Growth of a single crystals of ZnSe (melting point: 1,520° C.) was conducted using a crucible of the structure shown in FIG. 1. In the crucible, the outer, intermediate and inner cylinders were made of molybdenum, high-purity quartz glass, pyrolytic boron nitride (product of Shin-Etsu Chemical Co., Ltd.; hereinafter abbreviated as "PBN"), respectively. After the inner PBN cylinder was immersed for 3 hours in aqua regia and then thoroughly washed with purified water, it was baked at 1,000° C. for about 1 hour in a vacuum furnace. The intermediate quartz glass cylinder was immersed for 10 minutes in about 10% hydrofluoric acid and then thoroughly washed with purified water. It was thereafter baked at 1,000° C. for about 1 hour in a vacuum furnace. On the other hand, the outer molybdenum cylinder and the spacer and outer lid, which were also made of molybdenum, were baked for about 1 hour in a vacuum furnace at 1,500° C. ZnSe powder was filled in the narrow-diameter tubular portion at the end portion of the inner cylinder. The cylindrical portion of the inner cylinder was filled with a ZnSe compact which had been compression-formed by a rubber press into a rod-like shape having a diameter smaller than the inner diameter of the cylindrical portion. Further, ZnSe powder was filled in the spacing between the inner wall of the inner cylinder and the compact. The ZnSe powder used was produced by Rare Metallic Company (powder grade: 5N) and about 30 g were filled in total. The inner lid, which was also made of PBN, was fitted in the inner tube in which the starting material was enclosed. The thus-lidded inner cylinder was inserted in the intermediate high-purity quartz glass cylinder (product of Toshiba Ceramics Co., Ltd.; trade name: "T-1630S"). The intermediate high-purity quartz glass cylinder was then connected to a vacuum apparatus. After the interior was flushed twice with high-purity argon gas, the intermediate cylinder was sealed in a vacuum of about 10-5 Torr. The intermediate cylinder was placed in the outer molybdenum cylinder, followed by the insertion of the molybdenum spacer. The outer cylinder was then covered by the outer molybdenum lid, and the outer cylinder and outer lid were subjected to electron beam welding at a pressure of about 10-5 Torr. At that time, the crucible was cooled by a water-cooled copper block at all the portions except for the welded part, thereby preventing the intermediate quartz glass cylinder from being heated. The thus-assembled crucible was loaded in a Bridgman crystal growing apparatus of the vacuum furnace type. By setting the temperature of the hottest part of . the furnace at 1,580° C., growth of a crystal was conducted at a crucible lowering rate of 2 mm/hr. After the crystal growing operation, the crucible was taken out from the furnace and an upper portion thereof was cut off on a lathe. It was observed that the intermediate quartz glass cylinder expanded and bonded like a lining on the inner wall of the outer molybdenum cylinder. The crystal thus obtained was a yellow and transparent single crystal. It was possible to easily separate the single crystal from the inner PBN cylinder. By ICP-AES (inductively coupled plasma-atomic emission) analysis, impurity levels of the starting ZnSe powder and a central part of the crystal were found as follows:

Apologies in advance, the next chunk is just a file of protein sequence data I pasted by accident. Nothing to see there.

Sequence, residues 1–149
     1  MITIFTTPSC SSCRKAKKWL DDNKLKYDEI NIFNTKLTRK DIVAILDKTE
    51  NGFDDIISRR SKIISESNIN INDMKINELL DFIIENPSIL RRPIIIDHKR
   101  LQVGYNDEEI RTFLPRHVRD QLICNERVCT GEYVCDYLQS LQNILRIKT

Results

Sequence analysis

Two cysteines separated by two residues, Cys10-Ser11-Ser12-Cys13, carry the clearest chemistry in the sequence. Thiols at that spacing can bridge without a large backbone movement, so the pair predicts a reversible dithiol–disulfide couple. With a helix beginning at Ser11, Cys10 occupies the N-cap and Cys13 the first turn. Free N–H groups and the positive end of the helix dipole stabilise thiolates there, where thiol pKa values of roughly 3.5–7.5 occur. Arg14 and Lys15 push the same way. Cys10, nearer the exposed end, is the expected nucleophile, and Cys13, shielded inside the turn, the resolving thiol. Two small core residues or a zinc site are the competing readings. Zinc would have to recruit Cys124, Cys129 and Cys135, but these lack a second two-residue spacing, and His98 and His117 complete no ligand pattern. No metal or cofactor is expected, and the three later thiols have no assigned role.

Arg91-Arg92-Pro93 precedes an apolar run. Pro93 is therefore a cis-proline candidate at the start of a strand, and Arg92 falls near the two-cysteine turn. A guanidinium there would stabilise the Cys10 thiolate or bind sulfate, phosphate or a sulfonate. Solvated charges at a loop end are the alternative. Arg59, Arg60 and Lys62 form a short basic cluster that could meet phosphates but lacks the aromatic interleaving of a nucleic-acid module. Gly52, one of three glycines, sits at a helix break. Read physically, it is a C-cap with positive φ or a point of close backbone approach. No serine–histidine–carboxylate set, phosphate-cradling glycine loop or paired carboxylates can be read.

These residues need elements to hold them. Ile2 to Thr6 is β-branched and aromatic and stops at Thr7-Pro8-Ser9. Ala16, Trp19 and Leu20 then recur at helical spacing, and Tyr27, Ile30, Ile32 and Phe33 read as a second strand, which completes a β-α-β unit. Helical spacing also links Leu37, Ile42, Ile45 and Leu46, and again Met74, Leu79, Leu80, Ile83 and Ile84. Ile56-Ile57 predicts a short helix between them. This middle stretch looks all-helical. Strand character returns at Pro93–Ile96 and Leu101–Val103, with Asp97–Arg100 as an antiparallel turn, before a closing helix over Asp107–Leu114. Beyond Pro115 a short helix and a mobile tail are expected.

______________________________________ Concentration ConcentrationImpurity in starting material in crystal______________________________________Mg 1 ppm 1 ppmSi 1 ppm 2 ppmCu 0.5 ppm 1 ppmMo Not detected Not detected______________________________________